On occasion, I’ll have before me a tea unlike any teas I have tasted in a while. It will have a unique mouthfeel, complex flavor notes… and, much less appetizing, a high price point. This leaves me having to figure out if this tea is actually worth the steep fee.
To make the distinction between tea — or anything, really — that’s reasonably priced versus significantly marked up, you first need to understand what goes into that price. Luckily there are a few objective variables that you can take into account when determining whether the tea you’re drinking is fairly priced.
The first factor is probably the most obvious. Location is without a doubt extremely important for tea, since the soil and climate of an area stand to make the plants more strong and healthy, and therefore produce better tea. The farmers know this, and the market does as well. There’s a reason why many famous teas are known by their locations — teas like Shi Feng Long Jing, Huang Shan Mao Feng, Liu An Gua Pian and Meng Ding Huang Ya are prime examples.
Even lower grades of tea from a famous location can be priced on the higher side, because there is an understanding that even when the tea isn’t produced as skillfully, the conditions ensure it will likely still have good qualities.
Making good tea is a laborious process, and time is money. That’s why another factor to be considered is the effort farmers put into making this tea.
Did he or she watch it carefully all night looking for the best time to turn it, or just put on a timer and go to bed? A lot of the price that farmers give is based on the amount of effort they put into making the tea.
Truly handmade tea will never be sold at 200RMB per jin (29USD per 0.5kg), because it takes way too much time and effort to justify that price point. (I’m looking at you, shady Tie Guan Yin makers.)
Understanding the correlation between effort and price will not only help you understand the high price for a well made tea, but also clue you into when the farmer maybe didn’t put as much skill into the tea as he claims he did.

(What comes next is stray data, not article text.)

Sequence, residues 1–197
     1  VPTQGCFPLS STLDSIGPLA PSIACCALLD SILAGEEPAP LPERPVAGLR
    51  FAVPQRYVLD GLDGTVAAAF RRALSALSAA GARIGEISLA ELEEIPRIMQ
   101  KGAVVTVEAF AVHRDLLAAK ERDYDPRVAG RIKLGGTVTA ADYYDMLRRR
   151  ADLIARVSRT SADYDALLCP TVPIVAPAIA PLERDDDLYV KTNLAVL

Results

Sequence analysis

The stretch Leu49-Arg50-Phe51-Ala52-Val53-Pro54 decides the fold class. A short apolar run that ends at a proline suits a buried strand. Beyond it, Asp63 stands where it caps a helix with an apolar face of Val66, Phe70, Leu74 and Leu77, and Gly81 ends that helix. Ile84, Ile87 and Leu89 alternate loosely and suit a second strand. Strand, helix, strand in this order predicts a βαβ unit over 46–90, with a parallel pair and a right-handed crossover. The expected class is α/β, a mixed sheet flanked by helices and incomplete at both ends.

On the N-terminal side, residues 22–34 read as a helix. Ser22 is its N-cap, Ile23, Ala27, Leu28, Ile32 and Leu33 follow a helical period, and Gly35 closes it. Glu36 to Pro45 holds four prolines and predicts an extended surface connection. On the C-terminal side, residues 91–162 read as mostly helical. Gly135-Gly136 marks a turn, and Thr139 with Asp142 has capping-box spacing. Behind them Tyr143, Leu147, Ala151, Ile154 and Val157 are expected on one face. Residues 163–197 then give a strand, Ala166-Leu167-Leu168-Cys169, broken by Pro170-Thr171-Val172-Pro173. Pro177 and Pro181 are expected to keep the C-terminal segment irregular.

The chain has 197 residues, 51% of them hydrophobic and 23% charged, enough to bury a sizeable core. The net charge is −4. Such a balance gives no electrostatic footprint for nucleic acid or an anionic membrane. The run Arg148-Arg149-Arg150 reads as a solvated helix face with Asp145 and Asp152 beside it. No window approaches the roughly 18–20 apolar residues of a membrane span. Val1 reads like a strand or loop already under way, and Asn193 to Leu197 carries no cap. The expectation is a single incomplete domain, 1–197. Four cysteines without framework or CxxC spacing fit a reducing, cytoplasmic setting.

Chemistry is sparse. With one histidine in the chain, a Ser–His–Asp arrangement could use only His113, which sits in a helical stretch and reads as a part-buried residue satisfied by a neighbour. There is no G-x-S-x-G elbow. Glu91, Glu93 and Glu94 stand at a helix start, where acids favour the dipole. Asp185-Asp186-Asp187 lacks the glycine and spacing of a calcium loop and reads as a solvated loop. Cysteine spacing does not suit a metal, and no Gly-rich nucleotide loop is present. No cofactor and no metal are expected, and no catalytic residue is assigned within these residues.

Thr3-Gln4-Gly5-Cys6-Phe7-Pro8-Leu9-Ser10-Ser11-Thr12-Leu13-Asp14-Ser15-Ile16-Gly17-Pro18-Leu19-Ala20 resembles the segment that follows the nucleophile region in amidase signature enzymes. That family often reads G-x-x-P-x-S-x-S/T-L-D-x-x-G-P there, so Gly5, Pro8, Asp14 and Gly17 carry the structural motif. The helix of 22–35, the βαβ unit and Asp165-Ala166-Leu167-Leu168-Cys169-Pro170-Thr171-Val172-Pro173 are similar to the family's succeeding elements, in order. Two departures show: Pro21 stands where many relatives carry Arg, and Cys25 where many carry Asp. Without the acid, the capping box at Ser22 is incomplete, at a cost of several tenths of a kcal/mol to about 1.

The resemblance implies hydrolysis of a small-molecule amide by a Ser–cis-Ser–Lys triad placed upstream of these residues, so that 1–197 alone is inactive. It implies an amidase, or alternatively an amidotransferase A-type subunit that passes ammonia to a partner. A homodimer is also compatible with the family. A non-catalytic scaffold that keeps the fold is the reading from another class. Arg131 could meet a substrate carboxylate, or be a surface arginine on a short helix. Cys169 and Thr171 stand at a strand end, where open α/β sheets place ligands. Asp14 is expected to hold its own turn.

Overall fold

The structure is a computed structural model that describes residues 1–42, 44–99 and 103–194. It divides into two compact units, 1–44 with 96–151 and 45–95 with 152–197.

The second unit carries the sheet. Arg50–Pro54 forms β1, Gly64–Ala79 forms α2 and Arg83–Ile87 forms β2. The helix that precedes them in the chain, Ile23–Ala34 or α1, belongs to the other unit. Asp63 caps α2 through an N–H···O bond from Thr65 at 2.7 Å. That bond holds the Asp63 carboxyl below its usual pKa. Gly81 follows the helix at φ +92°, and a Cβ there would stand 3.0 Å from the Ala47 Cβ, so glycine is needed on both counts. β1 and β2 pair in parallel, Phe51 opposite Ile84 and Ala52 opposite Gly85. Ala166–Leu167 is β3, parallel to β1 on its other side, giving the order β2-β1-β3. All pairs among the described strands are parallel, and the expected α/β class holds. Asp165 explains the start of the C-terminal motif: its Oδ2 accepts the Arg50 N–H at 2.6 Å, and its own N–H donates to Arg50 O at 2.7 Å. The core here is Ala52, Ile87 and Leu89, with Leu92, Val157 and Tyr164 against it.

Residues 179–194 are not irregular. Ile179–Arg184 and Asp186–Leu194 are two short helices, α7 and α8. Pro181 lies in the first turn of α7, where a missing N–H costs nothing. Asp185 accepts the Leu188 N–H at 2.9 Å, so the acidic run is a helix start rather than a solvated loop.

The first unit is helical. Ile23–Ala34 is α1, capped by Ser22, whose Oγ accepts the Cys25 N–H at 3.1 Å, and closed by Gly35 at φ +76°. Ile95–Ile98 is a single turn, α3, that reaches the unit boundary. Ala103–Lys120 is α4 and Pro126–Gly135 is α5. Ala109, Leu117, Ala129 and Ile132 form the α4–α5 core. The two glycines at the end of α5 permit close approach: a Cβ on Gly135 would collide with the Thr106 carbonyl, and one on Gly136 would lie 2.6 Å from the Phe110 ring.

The variable of demand is probably the most important, and gauging it can be a little more difficult.
You can have the best location for a single tea, and put all the time and care in the world into making it, but if nobody wants to buy it, it won’t sell for much — plain and simple.
Demand is probably the biggest influence on the tea market as a whole. If we woke up tomorrow to a sudden high demand for tea grown in abandoned outhouses, you’d have farmers all over the country selling their outhouse oolong instantly for sky-high prices.
The fame of terroir can only really come to fruition after its tea garners a high demand. So, ultimately, demand works in a kind of ephemeral triangle with the other two factors, each affecting the other.
There is a fourth variable, of course — quality — but that is much harder to judge. Even if a farmer puts in very little effort, he might still get lucky and produce a good tea, which he will sell for a higher price.
But to factor quality into price, one must understand what it means to be a quality tea, which is a whole other ball game. The three variables I mentioned above are things you can directly apply to your purchase when you are considering the price of a tea that you have already found to be good quality.
Determining an appropriate price for the tea you’re drinking is never a hard science. There are a lot of factors that come into play, some of which you can’t always foresee. But thinking about these things will not only help you understand in some cases why tea is so expensive, but also allow you to question in others why a tea is so cheap.
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